• John Dempster

Aoife Lyall on writing review of novels and poems

Last night, poet and writer Aoife Lyall led an inspiring workshop on ‘Writing Review of Poetry and Prose’ at a HighlandLIT Online event attended by seventeen of us.


Aoife began by sharing ‘Hints and Tips’ gathered from her own experience of writing reviews of poetry and novels both for her own website, and for other publications.


She emphasised the range of opportunities for review writing which exist, varying in length from brief reviews on Amazon or Goodreads to the 5,000 critical essay. And she warned us that reviewing is time-consuming – to write and edit a 500-word review takes her 15-20 hours, including the time spent on reading the work in question. Reviewing is never going to make you rich, she confessed. The average payment for a review of up to 1000 words is around £40.


Of all the ‘Hints and Tips’ what struck me most was Aoife’s focus on writing reviews with confidence: someone may feel ‘who am I to criticise?’ But in fact, Aoife assured us we are allowed to have an opinion – our voice is part of the conversation that is only beginning when the writer puts down her pen. Each reader brings their own experiences to their reading; each of us encounters a work in a unique way. As long as we evidence from the text supporting our point of view, our review will have integrity. I really loved Aoife’s focus on integrity – aiming for honestly-written reviews which have no ulterior motive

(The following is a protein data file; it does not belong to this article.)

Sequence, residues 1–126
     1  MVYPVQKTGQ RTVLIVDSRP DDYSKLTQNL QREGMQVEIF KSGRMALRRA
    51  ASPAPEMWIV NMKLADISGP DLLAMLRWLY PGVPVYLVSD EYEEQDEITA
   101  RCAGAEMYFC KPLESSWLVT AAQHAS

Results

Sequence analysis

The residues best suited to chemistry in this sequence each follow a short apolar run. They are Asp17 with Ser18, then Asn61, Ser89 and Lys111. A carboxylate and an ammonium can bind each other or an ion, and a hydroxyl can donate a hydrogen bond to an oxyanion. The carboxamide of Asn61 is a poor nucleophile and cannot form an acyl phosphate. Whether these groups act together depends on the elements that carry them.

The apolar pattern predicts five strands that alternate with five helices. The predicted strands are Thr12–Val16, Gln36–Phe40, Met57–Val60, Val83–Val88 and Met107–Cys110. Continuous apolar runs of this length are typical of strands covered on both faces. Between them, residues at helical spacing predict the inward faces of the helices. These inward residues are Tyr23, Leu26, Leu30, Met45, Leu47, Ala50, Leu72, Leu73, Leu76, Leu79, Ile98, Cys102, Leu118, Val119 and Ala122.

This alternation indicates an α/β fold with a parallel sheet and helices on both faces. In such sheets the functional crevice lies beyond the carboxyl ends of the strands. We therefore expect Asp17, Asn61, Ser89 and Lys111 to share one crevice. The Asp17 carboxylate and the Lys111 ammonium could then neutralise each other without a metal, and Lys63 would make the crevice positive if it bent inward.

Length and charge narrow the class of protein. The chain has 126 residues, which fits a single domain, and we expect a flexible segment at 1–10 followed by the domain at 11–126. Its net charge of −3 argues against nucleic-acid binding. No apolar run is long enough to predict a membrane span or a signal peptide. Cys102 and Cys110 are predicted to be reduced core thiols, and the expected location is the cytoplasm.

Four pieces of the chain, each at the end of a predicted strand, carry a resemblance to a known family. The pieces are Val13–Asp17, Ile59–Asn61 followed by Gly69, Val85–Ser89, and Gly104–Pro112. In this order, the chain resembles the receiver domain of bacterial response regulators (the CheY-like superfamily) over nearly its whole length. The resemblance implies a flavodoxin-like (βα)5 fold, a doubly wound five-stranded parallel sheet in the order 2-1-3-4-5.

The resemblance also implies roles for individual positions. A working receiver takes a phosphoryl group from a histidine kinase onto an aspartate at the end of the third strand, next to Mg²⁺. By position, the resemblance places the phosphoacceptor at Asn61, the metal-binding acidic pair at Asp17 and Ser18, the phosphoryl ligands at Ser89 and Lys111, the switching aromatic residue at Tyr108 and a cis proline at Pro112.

In the second part of the evening, Aoife read through a review she had written of HighlandLIT member Helen Sedwick’s novel The Growing Season, showing how the review was structured and the thinking behind each paragraph. She also discussed her review of Postcolonial Love Poem the second collection of work by Natalie Diaz, giving some hints on reviewing a collection of verse – read the whole book, she said, focus on the things which leap out at you, the themes linking the poems, and weave your review around those insights.


And finally, we had the privilege of reading two of Aoife’s own poems, and deciding what we might say if we were reviewing them.


Aoife emphasised throughout the evening that the review writer is enriched through the process of reviewing. Preparing a review compels you to engage thoughtfully with the work being reviewed, processing your reaction to it, and learning from it techniques which can subsequently be deployed in your own writing.


It was an inspiring evening, which encouraged those of us who feel a hint of ‘imposter syndrome’ when we have to write a review: our reading, as long as it is backed up by reasons, is valid, and we can take part confidently in the on-going conversation.


Thanks Aoife, for sharing with us last night! We look forward very much to reading (and perhaps reviewing!) your own first collection Mother, Nature which is published by Bloodaxe on 25th February. You can book here to attend the book launch on Tuesday 23rd February.

Aoife’s website is here.



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